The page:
10. How many cars does your family have?
Two. I drive a Nissan Juke and N has a Ford Focus. We do not like driving each other’s cars.

11. Weight gain, before pregnancy, during, after and now?
Eurgh… I feel like everyone is going to hate me by the time I’m done with this! I really didn’t gain much weight during either of my pregnancies and I weigh less now than I did before I had children. I don’t diet and I only do two forms of exercise: 1. Running around after my boys and 2. Yoga. So I’m just lucky and now you hate me. I’m sorry.

12. Dream holiday with your kids?
I’m on it right now. As I type this I am sat in a log cabin in the middle of nowhere in Cumbria. There are red squirrels eating from the feeder outside on the decking and all I can hear right now is birds. We have lots of activities planned for the week and I am so far really enjoying doing things with my children that I did myself as a child.


13. Dream holiday without your kids?
Something cultural. N and I went to Rome for our honeymoon and it was amazing, so I think I’d probably like to go to Venice.

14. How has your life changed since having kids?
Is that a trick question? Everything has changed since I had children. I have different priorities now and I’m even more passionate about caring for the environment and preserving wildlife than I was before I had children because I want them to have the chance to experience all of the natural wonder and beauty that I did growing up.

And sleep, of course. I never fucking sleep.

15. Finish the sentence “It makes heart melt when…”
My children give me spontaneous cuddles. Or give each other spontaneous cuddles. Or do kind things for each other or someone else. Or tell me they love me. And when they first get up in the morning and they’re so happy to see me.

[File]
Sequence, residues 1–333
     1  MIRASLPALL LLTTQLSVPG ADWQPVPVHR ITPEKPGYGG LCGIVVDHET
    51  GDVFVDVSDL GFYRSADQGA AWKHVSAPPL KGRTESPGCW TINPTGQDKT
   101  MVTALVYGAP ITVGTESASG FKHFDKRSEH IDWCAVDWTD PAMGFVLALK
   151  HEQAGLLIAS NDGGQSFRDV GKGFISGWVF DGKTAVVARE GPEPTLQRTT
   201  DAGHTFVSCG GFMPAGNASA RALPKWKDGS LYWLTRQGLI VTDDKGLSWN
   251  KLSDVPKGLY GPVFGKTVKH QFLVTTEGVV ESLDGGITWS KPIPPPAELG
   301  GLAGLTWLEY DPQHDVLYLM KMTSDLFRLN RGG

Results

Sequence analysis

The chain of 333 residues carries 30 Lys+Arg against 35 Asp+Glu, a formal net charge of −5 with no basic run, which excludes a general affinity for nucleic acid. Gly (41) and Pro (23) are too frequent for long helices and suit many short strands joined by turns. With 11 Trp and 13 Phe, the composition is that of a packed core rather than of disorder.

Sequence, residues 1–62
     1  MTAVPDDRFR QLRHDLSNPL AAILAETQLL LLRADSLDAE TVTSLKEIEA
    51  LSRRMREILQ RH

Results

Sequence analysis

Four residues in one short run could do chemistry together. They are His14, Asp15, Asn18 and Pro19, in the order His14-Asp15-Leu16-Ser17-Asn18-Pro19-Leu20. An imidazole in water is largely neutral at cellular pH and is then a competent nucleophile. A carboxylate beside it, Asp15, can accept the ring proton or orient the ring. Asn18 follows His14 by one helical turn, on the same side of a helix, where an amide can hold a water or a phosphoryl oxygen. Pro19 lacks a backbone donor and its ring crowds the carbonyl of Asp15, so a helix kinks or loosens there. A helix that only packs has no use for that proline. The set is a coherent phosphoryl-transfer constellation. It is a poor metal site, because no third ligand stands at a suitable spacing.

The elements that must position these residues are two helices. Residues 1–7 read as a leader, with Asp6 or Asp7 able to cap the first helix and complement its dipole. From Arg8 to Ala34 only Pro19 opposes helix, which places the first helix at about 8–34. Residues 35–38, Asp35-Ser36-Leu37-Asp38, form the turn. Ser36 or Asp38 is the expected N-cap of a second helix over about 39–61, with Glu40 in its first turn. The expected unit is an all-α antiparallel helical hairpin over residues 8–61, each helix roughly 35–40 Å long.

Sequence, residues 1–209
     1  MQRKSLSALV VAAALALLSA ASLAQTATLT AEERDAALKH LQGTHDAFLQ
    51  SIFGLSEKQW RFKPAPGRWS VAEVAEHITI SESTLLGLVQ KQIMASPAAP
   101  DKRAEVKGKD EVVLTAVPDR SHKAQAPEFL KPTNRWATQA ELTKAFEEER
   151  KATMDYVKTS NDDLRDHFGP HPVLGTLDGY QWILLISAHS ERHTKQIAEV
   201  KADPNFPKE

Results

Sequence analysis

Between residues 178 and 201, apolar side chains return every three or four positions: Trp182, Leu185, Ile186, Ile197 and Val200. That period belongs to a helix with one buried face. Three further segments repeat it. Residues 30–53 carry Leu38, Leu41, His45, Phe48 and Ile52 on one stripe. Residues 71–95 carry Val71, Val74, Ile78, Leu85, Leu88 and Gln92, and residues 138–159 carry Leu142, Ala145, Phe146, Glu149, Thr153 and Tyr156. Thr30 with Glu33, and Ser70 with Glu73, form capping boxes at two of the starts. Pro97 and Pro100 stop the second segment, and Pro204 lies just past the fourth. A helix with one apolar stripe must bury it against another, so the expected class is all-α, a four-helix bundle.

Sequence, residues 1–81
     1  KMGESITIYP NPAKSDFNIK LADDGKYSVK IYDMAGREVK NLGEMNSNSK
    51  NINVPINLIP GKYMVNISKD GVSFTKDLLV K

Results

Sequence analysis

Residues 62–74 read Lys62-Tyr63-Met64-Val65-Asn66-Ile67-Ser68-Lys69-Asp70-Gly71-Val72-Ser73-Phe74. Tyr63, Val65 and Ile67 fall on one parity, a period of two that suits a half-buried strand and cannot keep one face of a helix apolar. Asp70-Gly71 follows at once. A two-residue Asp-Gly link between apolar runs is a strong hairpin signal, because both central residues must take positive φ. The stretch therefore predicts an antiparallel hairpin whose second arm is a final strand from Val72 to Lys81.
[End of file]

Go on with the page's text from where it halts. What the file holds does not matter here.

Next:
16. Where do you shop for your kids?
Anywhere and everywhere. I love handmade things, so F has a few lovely pieces from Caleb and Company. I also love leggings from JoJo Maman Bebe and Blade and Rose.


17. Favourite make-up and skincare products?
I try to shop cruelty-free as much as possible, being a Vegetarian, so I’m a big fan of Lush for skincare, although I can’t afford to buy their stuff on a regular basis. Sainsbury’s skincare is all BUAV approved and really nice stuff, so I use their face wipes and Miracle Cream. And I love Urban Decay for make-up

18. Huggies or Pampers?
Pampers. We’ve tried a lot of different nappies, but only Pampers seem to hold in the leaks for my boys.

19. Have you always wanted kids?
Yes. I knew from being 18 that I wanted to be a mum someday. It just seemed like I wouldn’t feel complete until I’d had children. I don’t know. It sounds really cliché, but it’s the truth.

20. Best part of being a mum?
Watching babies grow into little people has been wonderful. Seeing their personalities develop is just such a magical thing. And loving them so much is terrifying and awe-inspiring. There are some really shitty things about parenthood that no one really tells you, but it’s also a bloody amazing experience. I wouldn’t change it for the world.

Thanks for sticking with me through this one!

My nominations are:

Lauren, from Loz and the Sprog

Gemma, from Colleys Wobbles

Shaney, from iMummy

Vegetarianism & Motherhood

There are three essential things that you should know before we get started:

1. I am a vegetarian.
2. N is also a vegetarian.
3. Our children are not vegetarians.

Okay? Let’s do this.

So, I’ve been a vegetarian for eight years now. It wasn’t a gradual thing. One night I watched a documentary about chicken farming in Britain (FYI, it’s not great) while eating a Marks & Spencers chicken risotto and the next day I declared myself a vegetarian and haven’t touched meat since. You hate me a little bit right now, don’t you? The thing is, I’m not one of those self-righteous, sanctimonious vegetarians who goes around telling people how evil they are for eating meat. Aside from the fact that that’s an asshole thing to do and I am definitely not an asshole, I get that shit from self-righteous, sanctimonious vegans all the time and it pisses me off. I once had a vegan tell me that O’s asthma (hereditary) and F’s reflux (unfortunate) were my fault for not being vegan when I was pregnant with them and subsequently not raising them vegan. So, no, I don’t do that. And this post is not actually about me anyway; this post is about my children.